Online CRM Evolves: Web 2.0 Survey-Driven Customer Data Comes Of Age

The web has changed, purchasing and procurement has changed, Customer Relationship Management (CRM) has changed – and the sum effect of these shifts means that companies must now learn to use web 2.0 inspired technologies to interact with their customer base and constantly ‘gauge the mood’ of their target audience.

Companies attempting to push this sector of the commercial web into ubiquitous adoption include Vovici, a specialist in online surveys and customer feedback programmes that includes a tight integration of both Enterprise Feedback Management (EFM) and CRM technologies.

But there are some caveats here; it is not simply a case of saying that we will turn on the firehose stream of survey-based data and integrate this into our CRM systems. There is a data management issue here to be resolved and if you will excuse the industry acronym-heavy phraseology, this is ‘intelligent data management’ in its most condensed form.

In line with Vovici’s work with survey data, new European (and in some cases international) laws mean that increasingly, companies will be obligated to archive their unstructured data for so much longer now. So simply put, this means that survey data must remain within the realms of ‘managed’ data – and social networking will only make this requirement more complex.

Writing in an independent report published by Forrester, technologist William Band said, “Locking in customer loyalty through deeper engagement and differentiated experiences will continue to be critical priorities for organizations in all sectors in the decade ahead, but navigating the complex customer relationship management (CRM) technology landscape remains challenging – particularly in light of the rapid rise of social computing, the increasing adoption of software-as-a service (SaaS) solutions, and the need to provide mobile capabilities for front-line personnel.”

Vovici has provided evidence of the way online survey management can work effectively through its deal with leading event organiser Reed Exhibitions. The company adopted Vovici as its global provider of customer feedback solutions to track what is more than 6 million attendees and exhibitors at more than 500 events around the globe each year.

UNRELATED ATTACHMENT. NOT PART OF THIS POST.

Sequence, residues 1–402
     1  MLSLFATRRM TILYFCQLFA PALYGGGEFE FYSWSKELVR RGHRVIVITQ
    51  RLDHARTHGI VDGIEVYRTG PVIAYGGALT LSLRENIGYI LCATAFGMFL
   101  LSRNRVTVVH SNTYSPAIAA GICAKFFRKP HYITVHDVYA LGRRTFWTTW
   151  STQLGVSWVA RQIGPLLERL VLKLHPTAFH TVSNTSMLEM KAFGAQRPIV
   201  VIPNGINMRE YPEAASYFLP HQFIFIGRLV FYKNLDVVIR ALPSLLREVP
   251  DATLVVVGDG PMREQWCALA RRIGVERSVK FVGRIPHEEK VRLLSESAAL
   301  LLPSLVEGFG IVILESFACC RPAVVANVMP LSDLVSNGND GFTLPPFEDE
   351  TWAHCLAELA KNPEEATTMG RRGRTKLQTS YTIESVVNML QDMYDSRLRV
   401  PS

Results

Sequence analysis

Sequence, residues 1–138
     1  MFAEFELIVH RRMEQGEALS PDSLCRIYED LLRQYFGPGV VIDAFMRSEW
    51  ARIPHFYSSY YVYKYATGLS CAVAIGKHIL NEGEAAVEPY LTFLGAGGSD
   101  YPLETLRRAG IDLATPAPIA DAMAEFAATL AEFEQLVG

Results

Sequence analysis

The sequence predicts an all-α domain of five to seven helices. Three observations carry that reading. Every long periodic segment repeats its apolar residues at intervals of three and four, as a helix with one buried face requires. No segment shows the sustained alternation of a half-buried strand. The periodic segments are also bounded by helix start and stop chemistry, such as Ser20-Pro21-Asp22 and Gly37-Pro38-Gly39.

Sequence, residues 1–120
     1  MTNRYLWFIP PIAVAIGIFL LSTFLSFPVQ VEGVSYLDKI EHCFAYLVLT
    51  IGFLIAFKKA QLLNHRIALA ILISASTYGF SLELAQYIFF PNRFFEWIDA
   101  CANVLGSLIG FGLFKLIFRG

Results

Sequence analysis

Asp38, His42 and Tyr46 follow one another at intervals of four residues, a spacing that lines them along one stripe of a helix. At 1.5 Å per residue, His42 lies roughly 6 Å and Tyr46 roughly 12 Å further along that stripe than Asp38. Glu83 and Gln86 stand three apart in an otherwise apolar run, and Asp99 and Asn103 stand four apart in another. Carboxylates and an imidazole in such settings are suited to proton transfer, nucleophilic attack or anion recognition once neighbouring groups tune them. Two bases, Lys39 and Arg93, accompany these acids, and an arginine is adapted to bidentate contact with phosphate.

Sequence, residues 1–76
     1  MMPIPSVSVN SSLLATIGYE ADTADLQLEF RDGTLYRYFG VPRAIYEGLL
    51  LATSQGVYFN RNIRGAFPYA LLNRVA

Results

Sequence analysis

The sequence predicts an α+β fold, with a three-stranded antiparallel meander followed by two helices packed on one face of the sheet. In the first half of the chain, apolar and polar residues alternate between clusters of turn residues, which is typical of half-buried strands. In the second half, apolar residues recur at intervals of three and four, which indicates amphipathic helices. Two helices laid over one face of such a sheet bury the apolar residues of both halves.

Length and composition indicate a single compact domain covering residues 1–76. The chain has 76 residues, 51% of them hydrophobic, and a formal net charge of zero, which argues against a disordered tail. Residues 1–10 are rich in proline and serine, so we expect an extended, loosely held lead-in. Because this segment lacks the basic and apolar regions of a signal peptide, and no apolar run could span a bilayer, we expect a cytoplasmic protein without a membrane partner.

“We plan to integrate Vovici simultaneously with our implementation of Salesforce.com. Understanding how to best meet the needs of exhibitors and attendees around the globe and reaching out to them at critical times will help us maintain our leadership position,” said Dominic Shine, group chief information officer at Reed Exhibitions.

For this kind of solution to result in a successful deployment the must-have factors are all about form and function, or to put it another way – application design and integration features. Vovici says that its work with Reed Exhibitions, which features integration with Salesforce.com is evidence enough of these factors.

Looking forward, we need to see this type of technology prove its worth in terms of return on investment and its wider uptake (or not) among companies who wish to use online tools to monitor and help manage customer perceptions. Is this a nascent technology iteration that will ultimately morph into bigger CRM offerings as a whole? Or is this a natural evolution of customer-to-corporate interaction that fits all the classic models of web-based success. Who knows for sure – perhaps it’s time for a survey to find out.

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Adrian Bridgwater a freelance journalist specialising in cross platform software application development, software engineering and project management. Adrian has worked as a freelance technology journalist for nearly two decades. His work has been published in various international publications including the Wall Street Journal, CNET.com, The Register, ComputerWeekly.com, BBC World Service magazines, eWeek Europe, Imagine's Web Designer magazine, Linux User and Developer, Silicon.com, the British Computer Society, Microscope, Heise’s “The H” online, the UAE’s Khaleej Times & Maktoob Business & ITP.net and SYS-CON’s Web Developer Journal and PowerBuilder Developer Journal. He has worked as technology editor for international travel & retail magazines and also produced annual technology industry reviews for UK-based publishers ISC. He is also a published travel and food writer for the BBC and has lived and worked abroad for 10 years in Tanzania, Australia, the United Arab Emirates, Italy and the United States.